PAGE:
Youth Crime and Rehabilitation

Posted On September 28, 2021

The research and delivery of psychological approaches to criminal rehabilitation has witnessed a resurgence of interest in recent years. A development in the consensus has emerged about the value of offender rehabilitation programs and the characteristics of programs that are likely to be associated with reduced recidivism. 

Sentences are issued to protect the public, deter criminal behaviour, and reduce the offenders’ recidivism rate, as well as simultaneously punishing the offender. However, while these theoretical consequences may sound successful on paper, they may not necessarily manifest themselves in practise. When it comes to youth criminality, the age of criminal responsibility is a major issue. The age at which a person becomes criminally responsible varies by country; in Malta the age stands at 14 years.

The majority of the crime is committed by young people, but most of it is temporary, and those who continue onto a criminal career are primarily those who were regrettably more readily influenced or fell into the wrong groups- this is the fundamental issue criminologists are attempting to address.

It is well-known that one’s family and the environment one is raised in has a profound effect on their personality traits and how one perceives the world around them. An increasing number of children have their parents behind bars, and many of the children whose parents are incarcerated will join them in the future, following their parents’ criminal patterns. Violence is also ingrained in our culture, even in the way we communicate. This is a direct consequence of the acceptance of violence in the past, in a society where there were few resources that one could turn to for support. Violence is not just physical but can also be manifested in psychological ways.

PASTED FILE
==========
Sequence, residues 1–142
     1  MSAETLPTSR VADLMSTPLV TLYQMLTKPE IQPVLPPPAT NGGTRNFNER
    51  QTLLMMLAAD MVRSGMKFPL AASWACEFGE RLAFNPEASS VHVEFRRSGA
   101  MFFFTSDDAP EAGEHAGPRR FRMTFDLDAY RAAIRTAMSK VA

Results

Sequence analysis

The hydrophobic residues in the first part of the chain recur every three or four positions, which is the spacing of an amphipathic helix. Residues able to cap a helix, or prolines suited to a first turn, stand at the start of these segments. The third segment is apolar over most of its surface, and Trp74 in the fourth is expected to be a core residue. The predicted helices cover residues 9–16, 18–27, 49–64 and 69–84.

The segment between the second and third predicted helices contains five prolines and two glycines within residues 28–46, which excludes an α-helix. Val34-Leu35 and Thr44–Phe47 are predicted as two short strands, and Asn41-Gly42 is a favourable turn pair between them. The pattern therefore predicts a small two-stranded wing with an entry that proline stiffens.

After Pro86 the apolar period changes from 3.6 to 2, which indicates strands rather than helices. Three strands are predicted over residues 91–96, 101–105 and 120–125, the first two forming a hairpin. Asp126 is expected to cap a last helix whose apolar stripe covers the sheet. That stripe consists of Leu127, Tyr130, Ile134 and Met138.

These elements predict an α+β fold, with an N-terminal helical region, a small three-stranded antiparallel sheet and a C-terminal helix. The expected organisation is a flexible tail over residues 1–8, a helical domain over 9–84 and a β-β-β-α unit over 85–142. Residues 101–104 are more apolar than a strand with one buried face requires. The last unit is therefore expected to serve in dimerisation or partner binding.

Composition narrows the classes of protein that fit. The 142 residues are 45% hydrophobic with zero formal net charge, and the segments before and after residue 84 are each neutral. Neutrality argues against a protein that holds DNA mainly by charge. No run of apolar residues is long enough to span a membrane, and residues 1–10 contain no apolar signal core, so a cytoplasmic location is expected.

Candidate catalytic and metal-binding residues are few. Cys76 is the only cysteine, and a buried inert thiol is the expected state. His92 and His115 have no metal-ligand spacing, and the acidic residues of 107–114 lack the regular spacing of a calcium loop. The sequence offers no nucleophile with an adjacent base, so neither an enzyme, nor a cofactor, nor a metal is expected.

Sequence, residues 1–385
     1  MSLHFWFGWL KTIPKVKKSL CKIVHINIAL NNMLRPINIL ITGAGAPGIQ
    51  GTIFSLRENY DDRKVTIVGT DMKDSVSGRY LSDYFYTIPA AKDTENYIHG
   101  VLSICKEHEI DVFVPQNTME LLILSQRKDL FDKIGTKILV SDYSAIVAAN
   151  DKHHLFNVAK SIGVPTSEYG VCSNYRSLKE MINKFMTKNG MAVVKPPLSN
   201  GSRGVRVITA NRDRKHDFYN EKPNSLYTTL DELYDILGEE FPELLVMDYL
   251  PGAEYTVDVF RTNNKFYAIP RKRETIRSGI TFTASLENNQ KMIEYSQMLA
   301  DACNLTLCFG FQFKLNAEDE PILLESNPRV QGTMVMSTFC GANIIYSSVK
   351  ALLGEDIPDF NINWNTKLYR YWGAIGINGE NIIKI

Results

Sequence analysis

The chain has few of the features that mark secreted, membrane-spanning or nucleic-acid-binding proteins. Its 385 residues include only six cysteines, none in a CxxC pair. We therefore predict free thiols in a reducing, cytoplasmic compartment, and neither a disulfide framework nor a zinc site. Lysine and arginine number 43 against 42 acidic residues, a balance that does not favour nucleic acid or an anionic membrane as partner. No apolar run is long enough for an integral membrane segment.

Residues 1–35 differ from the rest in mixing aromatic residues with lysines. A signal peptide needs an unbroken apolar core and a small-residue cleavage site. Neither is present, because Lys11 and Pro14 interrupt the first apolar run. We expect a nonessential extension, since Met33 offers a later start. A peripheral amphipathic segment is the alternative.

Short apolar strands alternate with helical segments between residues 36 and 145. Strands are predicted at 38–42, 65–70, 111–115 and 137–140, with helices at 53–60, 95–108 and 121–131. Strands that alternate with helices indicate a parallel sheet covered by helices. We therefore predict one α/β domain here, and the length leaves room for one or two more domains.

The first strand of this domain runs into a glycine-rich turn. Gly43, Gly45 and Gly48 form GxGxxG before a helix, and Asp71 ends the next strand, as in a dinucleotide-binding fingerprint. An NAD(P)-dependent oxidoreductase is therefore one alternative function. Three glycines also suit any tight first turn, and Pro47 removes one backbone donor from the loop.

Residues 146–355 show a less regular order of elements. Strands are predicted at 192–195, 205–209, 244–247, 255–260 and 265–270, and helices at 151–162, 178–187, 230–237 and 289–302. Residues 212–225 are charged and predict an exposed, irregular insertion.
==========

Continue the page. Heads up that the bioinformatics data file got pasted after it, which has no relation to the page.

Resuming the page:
It has been widely preached that incarcerated minors should not be located into correctional facilities with adult offenders. Excluding the risk of safety for the minors; another reason to not combine the two age groups of offenders is that adult correctional facilities serve as both a school and a playground for young offenders. This being said, with youth offenders absorbing the environment around them, adult correctional facilities for offenders would not be society’s first choice for them. It is also to be noted that in certain facilities, some criminal actions and prosecutions can be worn as a badge of honor to present to the world how ‘tough’ a person is. 

When it was discovered that the majority of inmates were between the ages of 15 and 25, reformatories for young people became a viable option. When the reformatories originally opened, youths between the ages of 16 and 21 were given intermediate sentences of up to three years. It was also suggested afterwards that staff from the youth correctional system would be transferred to the adult corrections system in the hopes of integrating the former ‘humane and progressive’ beliefs into the latter.

A way that society can tackle this issue is by enforcing alternative correction punishments for youth offenders. This is where an offender’s relationship with rehabilitation is birthed. The principle of punishment should still be there, however, one must understand that a sentence based solely as a punishment is 100% ineffective in reducing recidivism rates for offenders. Education, therapy, and victim-offender mediation should be stressed upon during an inmate’s time being served for the crime that they have committed. Technology has paved a way to introduce many more alternative programs juxtaposed to the options available twenty years ago. Some of these programs include electronic monitoring; probation hotels, community service, and volunteering work.

Rather than imposing heavier sanctions, more attention should be paid to behavioural improvements and personal development for the offenders. As Beccaria, one of criminology’s most influential philosophers once wrote “The success of criminal justice depends more on the certainty than the severity”. Rehabilitation also assists in the individual’s reintegration back into society which is quintessential for inmates, especially those of a younger age.

“The success of criminal justice depends more on the certainty than the severity.”

Cesare Beccaria

By blending a balance of rehabilitation into the offender’s time being served rather than pure punishment behind bars, this assists in lowering the recidivism rate, simultaneously dismantling the pattern of future youths going into crime. One can only hope that a stronger relationship continues to grow between youth offenders and rehabilitation/ alternative community based sanctions, rather than them hopelessly being left behind bars until their sentence is finished. 

Written by Leo Ghorishi


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